This week’s random selection of ten items that interest me (and hopefully you!) from the interwebs.
It’s great that progressives are suddenly interested in using reductios to find limiting principles to particular legislative decisions. After all, it wasn’t so long ago that we were told deploying hypotheticals was merely fear-mongering. Back when we were still talking about whether gay people could marry, conservatives argued that if the courts expanded marriage they would have no fundamental basis for limiting the institution to couples. Even if polygamy never comes about, there would be no principled basis for preventing it. That concern was resoundingly dismissed; only now we’re supposed to take such hypotheticals Very Seriously.
The emeritus Archbishop of Sydney, Australia spoke March 18 at Westminster Theological Seminary in Pennsylvania for the school’s eighth annual Richard B. Gaffin, Jr. Lecture on Theology, Culture, and Mission. Jensen’s lecture was entitled “Beginning in Jerusalem: The Theological Significance of the 2008 Global Anglican Future Conference.” (GAFCON)
Speaking to an audience of mostly non-Anglicans, Jensen outlined the crisis within the third largest family of Christian churches, explaining why other Christians should take note, and what lessons they could bring back to their own Christian communities.
“This may all seem very remote to you,” Jensen noted. “Your church home may be comfortably orthodox – but so fast is change coming and so massive are the forces at play that no one is safe. You need perhaps to enter into our experience so that you can prepare yourself for what may come. You too may need to form a new confessional fellowship.”
Kevin DeYoung wrote a book entitled What Does the Bible Really Teach About Homosexuality. He gives a message on the subject matter in the video here (or below).
Modern American universities used to assume four goals. First, their general education core taught students how to reason inductively and imparted an aesthetic sense through acquiring knowledge of Michelangelo, the Battle of Gettysburg, “Medea” and “King Lear,” Beethoven’s “Ode to Joy,” and astronomy and Euclidean geometry.
Second, campuses encouraged edgy speech and raucous expression — and exposure to all sorts of weird ideas and mostly unpopular thoughts. College talk was never envisioned as boring, politically correct megaphones echoing orthodox pieties.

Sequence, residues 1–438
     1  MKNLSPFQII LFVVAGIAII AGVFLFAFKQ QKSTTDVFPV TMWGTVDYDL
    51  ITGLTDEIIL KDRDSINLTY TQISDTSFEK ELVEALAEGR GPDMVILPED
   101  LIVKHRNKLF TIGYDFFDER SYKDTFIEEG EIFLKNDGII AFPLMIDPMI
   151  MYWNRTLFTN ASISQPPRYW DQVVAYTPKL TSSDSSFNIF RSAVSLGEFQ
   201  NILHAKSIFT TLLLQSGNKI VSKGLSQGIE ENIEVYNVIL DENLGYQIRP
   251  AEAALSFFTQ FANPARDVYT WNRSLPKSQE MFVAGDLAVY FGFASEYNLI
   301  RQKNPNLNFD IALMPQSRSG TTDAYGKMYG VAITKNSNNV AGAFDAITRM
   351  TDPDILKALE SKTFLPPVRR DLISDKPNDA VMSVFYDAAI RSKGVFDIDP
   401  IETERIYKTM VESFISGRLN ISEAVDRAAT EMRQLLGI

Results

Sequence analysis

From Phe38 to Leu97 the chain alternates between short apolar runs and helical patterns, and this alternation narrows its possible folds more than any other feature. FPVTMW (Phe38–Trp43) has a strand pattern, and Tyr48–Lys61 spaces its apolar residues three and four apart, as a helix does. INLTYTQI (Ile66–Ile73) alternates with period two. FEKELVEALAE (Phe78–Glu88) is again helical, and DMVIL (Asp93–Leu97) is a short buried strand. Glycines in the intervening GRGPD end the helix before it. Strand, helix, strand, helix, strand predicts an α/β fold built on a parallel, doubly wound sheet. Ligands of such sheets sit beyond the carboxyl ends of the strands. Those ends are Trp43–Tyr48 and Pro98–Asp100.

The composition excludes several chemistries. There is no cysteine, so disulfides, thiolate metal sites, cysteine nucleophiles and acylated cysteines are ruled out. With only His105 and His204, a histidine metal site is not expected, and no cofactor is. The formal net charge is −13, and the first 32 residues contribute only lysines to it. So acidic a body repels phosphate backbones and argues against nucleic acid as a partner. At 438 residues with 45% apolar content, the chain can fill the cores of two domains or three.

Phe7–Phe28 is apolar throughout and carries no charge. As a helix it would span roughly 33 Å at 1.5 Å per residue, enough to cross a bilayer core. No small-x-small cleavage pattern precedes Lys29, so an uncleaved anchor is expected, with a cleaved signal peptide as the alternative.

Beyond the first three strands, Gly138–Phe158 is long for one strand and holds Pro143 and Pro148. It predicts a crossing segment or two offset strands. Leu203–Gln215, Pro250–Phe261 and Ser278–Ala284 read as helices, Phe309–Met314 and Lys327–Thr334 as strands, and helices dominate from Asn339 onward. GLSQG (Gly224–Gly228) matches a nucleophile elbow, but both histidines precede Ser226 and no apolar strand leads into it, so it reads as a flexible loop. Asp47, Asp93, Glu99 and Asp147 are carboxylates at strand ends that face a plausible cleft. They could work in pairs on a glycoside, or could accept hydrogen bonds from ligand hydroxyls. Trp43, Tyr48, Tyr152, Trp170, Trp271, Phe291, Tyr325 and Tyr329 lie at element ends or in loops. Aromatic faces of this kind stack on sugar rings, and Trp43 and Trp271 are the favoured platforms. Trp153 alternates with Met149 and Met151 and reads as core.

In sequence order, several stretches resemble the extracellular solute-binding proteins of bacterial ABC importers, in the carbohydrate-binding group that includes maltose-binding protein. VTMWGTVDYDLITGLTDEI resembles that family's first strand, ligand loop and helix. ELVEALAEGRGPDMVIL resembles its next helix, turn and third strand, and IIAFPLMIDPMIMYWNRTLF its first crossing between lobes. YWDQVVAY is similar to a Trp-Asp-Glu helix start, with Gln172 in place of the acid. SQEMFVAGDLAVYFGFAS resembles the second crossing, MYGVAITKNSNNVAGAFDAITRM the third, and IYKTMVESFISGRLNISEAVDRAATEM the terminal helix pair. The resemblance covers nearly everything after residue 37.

Third, four years of college trained students for productive careers. Implicit was the university’s assurance that its degree was a wise career investment.
Finally, universities were not monopolistic price gougers. They sought affordability to allow access to a broad middle class that had neither federal subsidies nor lots of money.
The American undergraduate university is now failing on all four counts.
5. How does one encourage their pastor? Brian Croft offers five ways.
6. Encourage your pastor, but you *must* judge your pastor’s theology based on the jeans he or she wears. Make sure you bring this criteria to your church’s pastoral search committee if you have a vacancy in the pulpit. It will no doubt guide them through the decision-making process. I encourage churches to make this the second question on an application only after you ask your pastor if he or she is saved. Ok, not really, but it is a fun article.
The American College of Pediatricians recently published a paper, Cohabitation, which cautions adolescents and young adults about the negative consequences of cohabitation for both themselves and their children, and urges parents to teach their children about the advantages of waiting until marriage.
And that’s not a Christian organization folks.
8. Iran’s nuclear threat… a poignant illustration.
9. I’m proud of my humility… er, wait… from Tim Challies:
Sometimes pride looks an awful lot like humility. There are times that our pride convinces us to put on a great show of what looks to all the world like humility so that we will be seen and acknowledged by others. We swell with pride when we hear, “He is humble.” It is a tricky thing, the human heart—prone to deceive both ourselves and others.
10. How should the Church approach those who are mentally ill? Ed Stetzer says we have to stop ignoring it and graciously offer hope.
Of course, it is a result of the Fall and the sin that is a part of all of our lives. But it also has a physical component that sometimes has to be dealt with physically, which is my primary focus here. To ignore the reality of mental illness hampers our ability as the Church to have robust, intelligent, helpful conversations to find ways to come alongside those who are suffering and offer hope.
Churches and leaders, we must offer hope.
Hope you enjoyed this week’s edition. If you missed last week’s be sure to check it out!